The cumulative counts DPH has released every day since March show the date of a new case as the day the agency received the results of the test.

Georgians following the death toll noticed the new metrics immediately and wondered why cases appeared to be rising and dropping at the same time. DPH’s report gave scant explanation.

“People are confused and scared, and one thing that can assure people is having data they can rely on that’s consistent,” said Jaime Graham, 42, an Atlanta resident who studied the data with her husband to see if it will be safe to send their two children to summer camp.

“But if we can’t trust, or our data is incomplete, it’s going to really hold us back,” said Graham, who previously worked in a Republican congressional office.

Dating a case to the onset of symptoms is generally the best method for tracking the spread of a disease, said Professor Benjamin Lopman, an infectious disease specialist at the Rollins School of Public Health at Emory University.

But days or weeks can pass between when a person shows signs of a disease to when his or her test is reported to the state. New counts will remain artificially low for days, if not longer, until they are updated.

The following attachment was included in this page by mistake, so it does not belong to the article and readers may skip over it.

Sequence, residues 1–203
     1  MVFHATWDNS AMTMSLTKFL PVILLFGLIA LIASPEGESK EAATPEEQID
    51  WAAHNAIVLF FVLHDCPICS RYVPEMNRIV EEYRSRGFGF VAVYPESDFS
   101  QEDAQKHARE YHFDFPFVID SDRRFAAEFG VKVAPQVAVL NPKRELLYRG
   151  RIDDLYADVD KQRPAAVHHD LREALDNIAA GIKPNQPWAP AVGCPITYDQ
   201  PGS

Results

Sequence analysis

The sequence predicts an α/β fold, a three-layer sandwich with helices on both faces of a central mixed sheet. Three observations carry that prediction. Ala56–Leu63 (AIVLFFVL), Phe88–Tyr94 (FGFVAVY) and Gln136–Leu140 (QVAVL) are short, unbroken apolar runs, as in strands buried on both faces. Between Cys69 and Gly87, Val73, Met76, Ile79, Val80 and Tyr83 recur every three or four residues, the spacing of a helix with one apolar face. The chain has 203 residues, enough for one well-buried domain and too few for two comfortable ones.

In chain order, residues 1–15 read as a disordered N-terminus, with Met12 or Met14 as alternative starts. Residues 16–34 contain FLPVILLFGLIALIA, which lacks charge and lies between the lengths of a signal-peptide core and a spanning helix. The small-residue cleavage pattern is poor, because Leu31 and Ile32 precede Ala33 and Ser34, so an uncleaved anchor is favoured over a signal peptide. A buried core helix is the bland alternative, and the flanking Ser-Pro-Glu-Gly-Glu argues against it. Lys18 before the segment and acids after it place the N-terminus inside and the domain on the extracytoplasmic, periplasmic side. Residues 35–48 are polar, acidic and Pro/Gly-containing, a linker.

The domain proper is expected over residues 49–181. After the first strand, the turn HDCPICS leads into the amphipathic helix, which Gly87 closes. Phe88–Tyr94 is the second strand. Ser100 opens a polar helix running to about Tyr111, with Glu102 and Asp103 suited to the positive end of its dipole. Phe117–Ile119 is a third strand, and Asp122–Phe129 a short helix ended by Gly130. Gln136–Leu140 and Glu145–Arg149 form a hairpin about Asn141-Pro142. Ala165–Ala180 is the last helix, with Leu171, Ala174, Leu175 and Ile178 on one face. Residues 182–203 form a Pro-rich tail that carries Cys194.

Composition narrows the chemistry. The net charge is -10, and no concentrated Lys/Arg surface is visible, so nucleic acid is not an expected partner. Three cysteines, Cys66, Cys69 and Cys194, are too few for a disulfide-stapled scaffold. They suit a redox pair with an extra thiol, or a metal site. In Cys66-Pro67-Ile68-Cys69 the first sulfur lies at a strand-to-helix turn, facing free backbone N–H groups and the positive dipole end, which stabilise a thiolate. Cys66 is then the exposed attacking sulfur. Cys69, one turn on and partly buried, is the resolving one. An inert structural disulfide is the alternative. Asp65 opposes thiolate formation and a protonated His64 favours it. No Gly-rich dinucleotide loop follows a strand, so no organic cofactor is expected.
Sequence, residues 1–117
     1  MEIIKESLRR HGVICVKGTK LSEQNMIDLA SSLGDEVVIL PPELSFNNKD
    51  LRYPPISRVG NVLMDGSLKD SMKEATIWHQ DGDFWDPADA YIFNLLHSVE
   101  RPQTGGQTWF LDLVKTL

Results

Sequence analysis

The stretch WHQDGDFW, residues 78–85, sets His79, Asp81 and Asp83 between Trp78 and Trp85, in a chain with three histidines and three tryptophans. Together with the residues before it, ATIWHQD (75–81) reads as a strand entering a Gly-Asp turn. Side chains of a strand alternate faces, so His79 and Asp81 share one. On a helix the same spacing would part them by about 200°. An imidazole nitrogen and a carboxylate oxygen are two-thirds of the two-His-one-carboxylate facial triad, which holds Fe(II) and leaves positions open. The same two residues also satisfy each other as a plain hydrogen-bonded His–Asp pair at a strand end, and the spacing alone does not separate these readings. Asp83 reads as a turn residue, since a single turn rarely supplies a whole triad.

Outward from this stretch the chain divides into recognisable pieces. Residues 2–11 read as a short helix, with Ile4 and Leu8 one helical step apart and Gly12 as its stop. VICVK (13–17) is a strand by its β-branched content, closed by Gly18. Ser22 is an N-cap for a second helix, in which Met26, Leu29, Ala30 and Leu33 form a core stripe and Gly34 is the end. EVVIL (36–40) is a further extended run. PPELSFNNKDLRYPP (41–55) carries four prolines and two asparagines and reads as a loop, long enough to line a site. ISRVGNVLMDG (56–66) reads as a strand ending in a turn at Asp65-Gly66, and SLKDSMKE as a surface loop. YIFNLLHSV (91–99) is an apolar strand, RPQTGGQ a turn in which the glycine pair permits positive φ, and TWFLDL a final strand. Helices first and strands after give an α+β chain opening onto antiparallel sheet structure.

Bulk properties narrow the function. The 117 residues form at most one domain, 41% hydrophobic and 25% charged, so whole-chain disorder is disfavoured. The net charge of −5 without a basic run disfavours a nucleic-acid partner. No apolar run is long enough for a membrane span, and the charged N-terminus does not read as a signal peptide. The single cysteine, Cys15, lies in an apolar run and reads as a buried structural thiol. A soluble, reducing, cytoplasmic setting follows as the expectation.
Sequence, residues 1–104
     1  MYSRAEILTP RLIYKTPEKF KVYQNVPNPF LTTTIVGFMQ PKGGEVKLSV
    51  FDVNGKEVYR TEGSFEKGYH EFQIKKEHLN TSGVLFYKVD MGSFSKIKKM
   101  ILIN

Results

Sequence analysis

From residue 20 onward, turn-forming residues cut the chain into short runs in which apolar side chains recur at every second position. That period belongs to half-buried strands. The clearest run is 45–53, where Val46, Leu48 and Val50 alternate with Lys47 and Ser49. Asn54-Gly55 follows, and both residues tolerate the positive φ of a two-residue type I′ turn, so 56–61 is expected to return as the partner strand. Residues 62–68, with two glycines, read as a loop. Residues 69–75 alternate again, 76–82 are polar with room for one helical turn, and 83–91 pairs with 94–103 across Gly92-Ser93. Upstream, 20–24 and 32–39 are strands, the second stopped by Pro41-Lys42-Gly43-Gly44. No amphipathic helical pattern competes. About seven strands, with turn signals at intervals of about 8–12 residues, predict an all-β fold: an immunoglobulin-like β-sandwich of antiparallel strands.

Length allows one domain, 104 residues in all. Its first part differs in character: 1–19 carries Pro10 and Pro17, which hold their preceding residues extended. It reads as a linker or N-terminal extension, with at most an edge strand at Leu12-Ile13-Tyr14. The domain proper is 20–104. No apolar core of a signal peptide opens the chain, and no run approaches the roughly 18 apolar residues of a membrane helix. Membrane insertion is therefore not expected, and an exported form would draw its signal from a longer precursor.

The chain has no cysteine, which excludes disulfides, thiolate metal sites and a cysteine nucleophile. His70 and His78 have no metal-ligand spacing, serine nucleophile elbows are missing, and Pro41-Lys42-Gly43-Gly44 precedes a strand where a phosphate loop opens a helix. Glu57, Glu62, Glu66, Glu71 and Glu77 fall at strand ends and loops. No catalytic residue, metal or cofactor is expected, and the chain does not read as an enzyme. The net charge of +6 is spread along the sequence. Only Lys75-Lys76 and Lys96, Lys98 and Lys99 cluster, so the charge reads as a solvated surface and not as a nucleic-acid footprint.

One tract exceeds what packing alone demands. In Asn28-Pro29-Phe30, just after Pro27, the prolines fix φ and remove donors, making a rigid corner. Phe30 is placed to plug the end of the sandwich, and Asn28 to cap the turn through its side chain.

“It’s important that we keep an eye on what’s happening, but you need to look at the slightly longer trends happening on any given day,” said Lopman. “The number of cases today or tomorrow shouldn’t affect an individual’s choices in their behavior.”

Lopman’s observation is born out by a major upward revision the state made after it released Wednesday’s figures. Originally, it reported that only 31 new cases took place that day. Within 24 hours, the new cases jumped to 72, an increase of 132%.

However the state reports its data, researchers are convinced they will be able to sort out the true scope and impact of the disease over time.

“Whatever you try to do with data right now, you can’t hide it,” said Mokdad. “Truth will not be hidden.”

Staff Writers Emily Merwin DiRico, Jennifer Peebles, Isaac Sabetai, J. Scott Trubey and Nick Thieme contributed to this report.